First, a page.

Women Thriving in Male-Dominated Fields: Patrol Officer

With recent focus on women's rights issues like equal pay in the work place, we're taking a look at male dominated fields and the women that thrive in them. This month, Connie Gonzalez will introduce us to four San Angelo women, and show us a day in their lives.

We often hear the phrase it's a "Man's World" and although women make up more than half the nation's population, many professions like law enforcement are male-dominated.

We put the spotlight on one female San Angelo Patrol Officer and got a sense of what a day in her shoes can lead to.

There are 15 female officers on San Angelo's Police force out of a total of 163 officers. Caroline Jackson is among that group of women that work in what can sometimes be "a man's world".

Lt. Mike Hernandez says Jackson is an aggressive and hands on type officer.

"She's actually got a reputation on the street as far as being a pit bull, and so I think that's awesome that these officers recognize that they can count on her," Hernandez said.

In the four years Jackson has been on the force, she's worked primarily over night shifts. She says she sometimes experiences gender discrimination out in the field, but doesn't let it affect her professionally.

"I'll tell them something and they don't believe me, and so you'll get a male [officer] out there. [The male officer will] say the exact same thing, the exact same way I said it and all of a sudden they understand. It just comes with the job, there's nothing I can do to control it," Jackson said.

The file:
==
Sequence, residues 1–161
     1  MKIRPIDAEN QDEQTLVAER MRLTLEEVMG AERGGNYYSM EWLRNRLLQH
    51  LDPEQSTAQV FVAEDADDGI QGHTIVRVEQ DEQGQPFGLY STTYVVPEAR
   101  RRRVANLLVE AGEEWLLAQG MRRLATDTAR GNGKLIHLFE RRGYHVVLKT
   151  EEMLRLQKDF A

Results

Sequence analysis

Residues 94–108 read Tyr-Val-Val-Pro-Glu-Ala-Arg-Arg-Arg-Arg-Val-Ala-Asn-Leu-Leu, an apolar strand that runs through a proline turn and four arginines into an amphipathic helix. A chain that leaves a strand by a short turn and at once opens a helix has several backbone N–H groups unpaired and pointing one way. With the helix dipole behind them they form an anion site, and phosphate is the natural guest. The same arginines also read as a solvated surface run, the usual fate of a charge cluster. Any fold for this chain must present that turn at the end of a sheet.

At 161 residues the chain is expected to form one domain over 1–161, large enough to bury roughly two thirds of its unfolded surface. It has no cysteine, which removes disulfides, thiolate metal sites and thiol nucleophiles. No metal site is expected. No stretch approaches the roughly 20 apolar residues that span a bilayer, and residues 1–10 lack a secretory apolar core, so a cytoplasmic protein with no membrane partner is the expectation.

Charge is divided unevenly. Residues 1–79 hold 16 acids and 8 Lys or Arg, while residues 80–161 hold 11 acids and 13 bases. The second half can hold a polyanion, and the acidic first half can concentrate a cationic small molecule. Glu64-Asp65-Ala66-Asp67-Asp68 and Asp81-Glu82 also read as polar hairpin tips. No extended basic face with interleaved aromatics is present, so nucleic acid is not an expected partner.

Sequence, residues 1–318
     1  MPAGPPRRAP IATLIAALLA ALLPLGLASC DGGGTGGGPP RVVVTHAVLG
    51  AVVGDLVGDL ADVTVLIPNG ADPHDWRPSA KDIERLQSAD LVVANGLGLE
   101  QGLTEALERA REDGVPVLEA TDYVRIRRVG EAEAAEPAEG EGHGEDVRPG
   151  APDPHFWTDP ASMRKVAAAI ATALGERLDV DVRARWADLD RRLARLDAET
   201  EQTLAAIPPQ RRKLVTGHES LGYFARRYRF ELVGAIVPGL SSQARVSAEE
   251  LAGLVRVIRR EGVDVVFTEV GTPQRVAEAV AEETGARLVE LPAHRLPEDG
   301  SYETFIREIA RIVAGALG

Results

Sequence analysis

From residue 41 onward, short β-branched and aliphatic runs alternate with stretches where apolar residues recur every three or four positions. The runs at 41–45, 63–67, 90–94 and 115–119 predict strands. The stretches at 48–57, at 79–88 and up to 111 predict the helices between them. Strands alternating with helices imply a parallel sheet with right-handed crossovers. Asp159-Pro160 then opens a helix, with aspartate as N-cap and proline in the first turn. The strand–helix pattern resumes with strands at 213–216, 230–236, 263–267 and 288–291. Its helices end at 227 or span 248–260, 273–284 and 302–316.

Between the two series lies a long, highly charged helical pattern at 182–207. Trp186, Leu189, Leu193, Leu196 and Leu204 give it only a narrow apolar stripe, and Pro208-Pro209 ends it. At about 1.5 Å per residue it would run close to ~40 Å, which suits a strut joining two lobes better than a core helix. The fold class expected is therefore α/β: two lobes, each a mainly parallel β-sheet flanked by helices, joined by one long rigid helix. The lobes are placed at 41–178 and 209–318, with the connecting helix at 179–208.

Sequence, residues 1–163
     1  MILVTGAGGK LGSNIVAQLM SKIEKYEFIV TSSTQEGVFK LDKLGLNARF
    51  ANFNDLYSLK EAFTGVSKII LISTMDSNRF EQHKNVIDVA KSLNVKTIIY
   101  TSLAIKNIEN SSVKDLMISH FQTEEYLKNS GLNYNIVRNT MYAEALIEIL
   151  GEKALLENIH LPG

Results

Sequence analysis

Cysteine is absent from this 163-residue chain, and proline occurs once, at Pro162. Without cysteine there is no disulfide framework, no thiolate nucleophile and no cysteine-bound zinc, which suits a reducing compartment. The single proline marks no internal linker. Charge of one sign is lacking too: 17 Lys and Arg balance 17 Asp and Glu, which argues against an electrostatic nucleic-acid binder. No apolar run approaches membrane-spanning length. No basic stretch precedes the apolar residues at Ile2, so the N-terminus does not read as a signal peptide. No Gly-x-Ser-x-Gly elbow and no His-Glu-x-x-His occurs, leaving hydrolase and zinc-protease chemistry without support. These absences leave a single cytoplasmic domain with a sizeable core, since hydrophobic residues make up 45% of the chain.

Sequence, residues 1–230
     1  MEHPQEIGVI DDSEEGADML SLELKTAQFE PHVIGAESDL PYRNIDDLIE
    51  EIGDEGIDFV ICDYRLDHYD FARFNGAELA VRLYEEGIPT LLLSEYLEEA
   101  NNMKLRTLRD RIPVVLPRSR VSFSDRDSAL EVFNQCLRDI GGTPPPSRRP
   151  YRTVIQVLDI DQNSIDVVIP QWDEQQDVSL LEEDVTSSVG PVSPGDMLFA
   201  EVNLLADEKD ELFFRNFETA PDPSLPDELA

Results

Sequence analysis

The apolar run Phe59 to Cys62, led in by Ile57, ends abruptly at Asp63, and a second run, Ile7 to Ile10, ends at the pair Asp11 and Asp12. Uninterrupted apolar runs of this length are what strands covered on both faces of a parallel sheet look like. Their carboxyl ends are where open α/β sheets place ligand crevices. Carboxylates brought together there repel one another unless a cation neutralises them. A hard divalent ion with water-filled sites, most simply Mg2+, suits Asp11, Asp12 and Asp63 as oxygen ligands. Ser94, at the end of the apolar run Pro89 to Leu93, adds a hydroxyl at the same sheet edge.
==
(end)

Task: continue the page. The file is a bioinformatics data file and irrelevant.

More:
All 15 women on the force are Patrol Officers; Jackson plans to join the special operations unit, and hopes to work in narcotics.

"This is where I live not, this is my home. You got to make a difference in the community, and I want to be that positive influence for the younger generation," Jackson said.

Being a police officer is a physically and mentally demanding profession. During training, Jackson was tased and pepper-sprayed, but there is one thing she would prefer to avoid.

"Nobody ever told me I had to touch people. Everyday is laundry day," Jackson said.

Getting physical is definitely part of the job; this five-foot officer recalls one challenging chase.

"He got a good hit on me and started to run and I just ran after him and tackled him; so you just got to step up to the plate," Jackson said.

Hernandez says Jackson has earned the respect of her colleagues.

"She is willing to do more than the average officer, and that's the kind of officers you want. You want the officers you have to keep a choke collar if you will on, but that are aggressive and are going to get the job done," Hernandez said.

At just nine-percent, San Angelo's Police force falls below the 13 percent state average of female officers. Hernandez says it's not an easy position for anyone to occupy.

"Because law enforcement is a male-dominated profession it is harder for a female officer to be recognized just because those officers are looking for somebody to get in the fight with them, and so they have to build their reputation," Hernandez said.

We wanted to thank Officer Jackson for allowing us to "ride along" with her this weekend.

Next week, we visit with another woman who succeeds in her field; a local professional bodybuilder who was ranked top five in the world.

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